Top 5 bars and cafes in Buenos Aires
As one of Latin America's most sophisticated and cosmopolitan cities, there is so much choice when it comes to eating and drinking in Buenos Aires. Having lived in Buenos Aires and earned the right to call himself an honorary Porteño, Former JLA member of staff David lent us his expertise and tells us about his favourite spots in the city:
The epitome of an undiscovered gem – this cafe usually requires not only a trendy Porteño to introduce you to it, but one who is friendly with the artist/chef/owner of this quaint establishment. Cusic is situated in a dusty, quiet back street of the Palermo Hollywood residential district – one that a passerby could easily stroll down without realising what it hid. Behind one of its secret wooden doors is a courtyard and an open-plan, one-storey bungalow with indoor and outdoor seating for no more than 15 lucky diners. Once welcomed in, the brunch menu is fresh, healthy, delicious and always generously-portioned. (Address: El Salvador 6016)
Milion is a unique spot amongst Buenos Aires’ famed network of nocturnal hang-outs. Its very architecture is full of character – a neo-classical building almost secretly set in a quiet corner of the central neighbourhood of Recoleta. Semi-restored, a back-garden half-consumed by overgrown foliage and with little nooks and crannies on all three levels of the venue for standing, perching and sit-down-dining, the centre-piece of this stylish spot are the two bars which continue producing exquisite and wonderfully alcoholic cocktails, including an excellent Caipirinha, until 3am, every night of the week. (Address: Parana 1048)
3) El Ateneo:
Originally built as a theatre, cinema and concert hall in 1919, “El Ateneo Grand Splendid”, as it is rather accurately named, is something of a city treasure. Since 2000, it has become a refuge for Porteños seeking respite from their traffic-ridden, summer-baked central streets – in the form of an enormous bookstore cafe. What makes this spot particularly special is that, other than the rows of seats where glamorous Buenos Aires socialites once used to enjoy the evening spectacles, nothing about the venue has been changed. As one weaves between the bookshelves found across the stalls, circle and theatre boxes, one can also appreciate the unchanged ornate wood carvings, ceiling fresco, original theatre curtain and atmospheric auditorium lighting. For further indulgence and relaxation, take a seat on stage in what is now a lovely cafe and flick through your new purchases or chat to a friendly stranger. (Address: Avenida Santa Fe 1860)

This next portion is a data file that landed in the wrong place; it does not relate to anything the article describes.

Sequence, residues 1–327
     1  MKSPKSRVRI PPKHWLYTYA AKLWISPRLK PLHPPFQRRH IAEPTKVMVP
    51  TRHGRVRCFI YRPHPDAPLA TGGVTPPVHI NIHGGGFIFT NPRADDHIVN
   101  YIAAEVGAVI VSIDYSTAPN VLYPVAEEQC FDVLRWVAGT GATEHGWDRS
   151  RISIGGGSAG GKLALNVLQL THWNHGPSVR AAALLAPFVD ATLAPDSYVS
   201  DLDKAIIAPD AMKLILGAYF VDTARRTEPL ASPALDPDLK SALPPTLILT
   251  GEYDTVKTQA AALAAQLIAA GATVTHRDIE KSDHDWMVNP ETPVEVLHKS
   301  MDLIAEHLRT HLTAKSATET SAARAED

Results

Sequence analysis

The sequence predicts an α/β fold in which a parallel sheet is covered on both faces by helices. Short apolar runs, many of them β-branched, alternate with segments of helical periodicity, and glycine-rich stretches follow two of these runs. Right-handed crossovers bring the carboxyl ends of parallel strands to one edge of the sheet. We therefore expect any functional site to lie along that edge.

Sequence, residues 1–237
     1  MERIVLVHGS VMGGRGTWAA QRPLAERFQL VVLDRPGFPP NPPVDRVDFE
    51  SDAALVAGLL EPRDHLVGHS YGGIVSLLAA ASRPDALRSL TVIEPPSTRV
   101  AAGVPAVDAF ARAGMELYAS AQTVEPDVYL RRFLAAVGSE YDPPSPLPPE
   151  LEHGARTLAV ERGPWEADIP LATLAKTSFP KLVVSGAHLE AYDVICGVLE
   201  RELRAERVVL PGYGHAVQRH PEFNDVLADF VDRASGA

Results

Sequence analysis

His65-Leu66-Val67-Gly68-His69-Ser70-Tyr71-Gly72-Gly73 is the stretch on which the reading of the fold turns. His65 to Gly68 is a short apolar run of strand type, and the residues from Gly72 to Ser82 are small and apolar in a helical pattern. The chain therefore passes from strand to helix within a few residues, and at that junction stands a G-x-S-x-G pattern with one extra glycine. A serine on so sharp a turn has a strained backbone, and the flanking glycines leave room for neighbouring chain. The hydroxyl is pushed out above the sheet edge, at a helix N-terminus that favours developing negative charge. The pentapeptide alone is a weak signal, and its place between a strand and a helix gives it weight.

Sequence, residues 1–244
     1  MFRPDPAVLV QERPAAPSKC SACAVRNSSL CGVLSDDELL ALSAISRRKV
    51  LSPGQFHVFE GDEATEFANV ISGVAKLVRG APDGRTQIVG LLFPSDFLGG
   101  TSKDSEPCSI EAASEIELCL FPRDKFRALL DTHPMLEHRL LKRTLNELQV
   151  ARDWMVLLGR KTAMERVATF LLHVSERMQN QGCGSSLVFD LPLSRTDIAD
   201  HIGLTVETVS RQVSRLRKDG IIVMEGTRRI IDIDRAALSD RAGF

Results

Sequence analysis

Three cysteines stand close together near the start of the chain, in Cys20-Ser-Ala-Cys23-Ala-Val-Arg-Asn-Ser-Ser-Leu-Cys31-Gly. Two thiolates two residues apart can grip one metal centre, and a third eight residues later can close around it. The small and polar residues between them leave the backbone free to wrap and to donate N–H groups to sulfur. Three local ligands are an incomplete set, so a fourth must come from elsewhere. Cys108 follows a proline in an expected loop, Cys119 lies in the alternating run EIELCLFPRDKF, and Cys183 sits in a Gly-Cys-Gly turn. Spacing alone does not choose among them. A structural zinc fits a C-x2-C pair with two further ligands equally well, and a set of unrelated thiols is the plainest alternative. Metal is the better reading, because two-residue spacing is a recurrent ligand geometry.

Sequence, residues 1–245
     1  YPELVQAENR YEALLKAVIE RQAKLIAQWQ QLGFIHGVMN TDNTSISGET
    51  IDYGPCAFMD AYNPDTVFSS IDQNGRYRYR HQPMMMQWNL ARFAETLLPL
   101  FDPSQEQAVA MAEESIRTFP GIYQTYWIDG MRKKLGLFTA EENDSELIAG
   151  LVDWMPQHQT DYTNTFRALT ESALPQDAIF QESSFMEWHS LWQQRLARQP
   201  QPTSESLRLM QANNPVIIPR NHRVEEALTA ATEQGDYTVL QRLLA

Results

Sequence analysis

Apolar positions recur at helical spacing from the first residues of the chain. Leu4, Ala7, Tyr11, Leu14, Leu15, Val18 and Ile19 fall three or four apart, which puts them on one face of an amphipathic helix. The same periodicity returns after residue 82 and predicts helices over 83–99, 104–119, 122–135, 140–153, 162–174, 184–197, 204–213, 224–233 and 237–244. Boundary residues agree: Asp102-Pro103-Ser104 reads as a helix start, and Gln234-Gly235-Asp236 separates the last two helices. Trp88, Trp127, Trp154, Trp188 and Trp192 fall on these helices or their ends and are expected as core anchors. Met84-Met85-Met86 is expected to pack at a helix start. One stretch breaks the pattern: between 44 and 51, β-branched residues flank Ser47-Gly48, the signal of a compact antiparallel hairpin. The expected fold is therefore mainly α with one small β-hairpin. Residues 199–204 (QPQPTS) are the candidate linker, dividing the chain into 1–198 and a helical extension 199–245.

4) Las Cabras:
There are endless places to have your essential Buenos Aires meat-eating experience, no doubt. Perhaps what makes visiting this particular restaurant especially unique is that it is not only home to some fabulous and well-priced ‘bife’, but that it is also a genuinely Porteño haunt. Even the half-hour wait is authentic. Such is this voguish but quite unpretentious establishment’s popularity that Porteños happily queue up on the street corner, standing amongst the outdoor diners, unbothered as to whether they tuck in at 9pm, 10pm or later. The gorgeous, Mediterranean-esque summer climate joint with the rather enormous and perfectly seared steaks often leaves the clientele enjoying their countless bottles of locally-sourced Malbec well into the morning’s early hours. (Address: Fitz Roy 1795)
There is good reason Buenos Aires is referred to as the “Paris of Latin America”. It is undoubtedly in large part due to the attempts by Buenos Aires developers at the turn of the 20th century to emulate the extraordinary and iconic architectural work of Georges-Eugène Haussmann, who had converted the French capital between 1850 and 1875 into the resplendent, boulevard-laden masterpiece that it is today. In addition to the two cities’ spacious lay-outs and exquisite facades, Porteños also share with Parisians a great love of their rich gastronomical heritage and colourful sartorial elegance. And, if you are tempted to shop, dress and dine like a local for the day, nowhere offers you a more vibrant, eclectic and esteemed array of boutiques through which to browse than the leafy streets surrounding Plaza Armenia.
And when you finally finish strolling through the markets and chatting with the cheerful shop owners, a particularly charming cafe in which to unwind is Quimbobó. Positioned overlooking the plaza’s main fountain, this chic coffee shop offers the weary shopper a quietly luxurious corner in which to recline on the plush sofas, cool off under the fans and quench thirsts with a delicious local version of iced lemonade – mixed with the traditional Argentine “mate” herbs for an extra revitalising kick. (Address: Costa Rica 4562)
Why not discover more of Buenos Aires' top dining spots on our culinary walking tour of the city?